Greece defies euro zone on pension, labor reform

Greece defied its international creditors on Thursday by sticking to quotred linesquot on pension and labor market reforms and urging lenders to give ground, dimming prospects of progress next week towards securing desperately needed financial aid.

Despite efforts by European Commission President Jean-Claude Juncker to coax leftist Prime Minister Alexis Tsipras into moving on two key conditions for releasing EU/IMF bailout funds, the Greek government spokesman said lenders could not expect Athens to make all the concessions for a deal. quotThere should not be an expectation on the part of institutions … that the government will back down on everything,quot Gabriel Sakellaridis told a news conference. quotWhen you negotiate, there should be mutual concessions. We won’t go beyond the limits of our red lines,quot he said. quotIt’s clear that we cannot cut pensions.quot Athens is running out of cash but has yet to reach a deal on reforms with its lenders, who have ruled out an agreement by next Monday’s meeting of euro zone finance ministers. Sakellaridis spelled out Greek hopes that the Eurogroup ministers will recognize progress towards an agreement in a joint statement, giving the European Central Bank leeway to let Athens sell more short-term debt to Greek banks. That would ease the immediate funding crunch, helping the government make a 750 million euro payment to the International Monetary Fund on May 12 and pay wages and pensions later. However, sources familiar with the deliberations said the ECB was highly unlikely to make such a move unless the euro zone ministers set out a very strong prospect of releasing the frozen bailout funds.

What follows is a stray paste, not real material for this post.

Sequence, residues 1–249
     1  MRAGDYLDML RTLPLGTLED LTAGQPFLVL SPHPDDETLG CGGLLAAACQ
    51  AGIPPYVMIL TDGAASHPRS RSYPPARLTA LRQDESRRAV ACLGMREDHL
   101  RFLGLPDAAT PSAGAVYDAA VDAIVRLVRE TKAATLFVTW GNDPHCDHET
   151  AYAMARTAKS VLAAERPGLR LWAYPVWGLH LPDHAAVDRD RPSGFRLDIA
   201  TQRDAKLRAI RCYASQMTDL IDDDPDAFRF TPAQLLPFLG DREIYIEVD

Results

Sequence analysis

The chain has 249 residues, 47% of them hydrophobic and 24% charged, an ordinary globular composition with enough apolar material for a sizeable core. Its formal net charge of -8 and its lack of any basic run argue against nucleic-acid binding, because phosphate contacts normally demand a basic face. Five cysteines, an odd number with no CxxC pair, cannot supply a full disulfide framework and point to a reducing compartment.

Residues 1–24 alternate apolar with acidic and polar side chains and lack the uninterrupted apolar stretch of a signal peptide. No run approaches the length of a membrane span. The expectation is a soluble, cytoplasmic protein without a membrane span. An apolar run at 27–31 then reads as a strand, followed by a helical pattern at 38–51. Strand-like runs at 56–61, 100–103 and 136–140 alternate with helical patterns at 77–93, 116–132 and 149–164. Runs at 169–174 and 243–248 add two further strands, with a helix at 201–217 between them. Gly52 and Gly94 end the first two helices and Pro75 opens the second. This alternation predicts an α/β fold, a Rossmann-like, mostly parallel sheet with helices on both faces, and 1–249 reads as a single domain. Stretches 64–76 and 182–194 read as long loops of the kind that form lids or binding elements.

quotWe’re nowhere near that as things stand today,quot said an official close to the negotiations between Greece and European Commission, ECB and IMF. The central bank on Wednesday raised the amount of emergency liquidity assistance Greek banks can tap to counter deposit outflows and held off from tightening conditions for collateral they must present. But without a political deal, the ECB could toughen its stance in the next two weeks, the sources said. Confidence between Athens and its euro zone partners is at a low ebb after three months of radical rhetoric, obstruction of EU and IMF officials, contradictory policy statements and obdurate negotiations.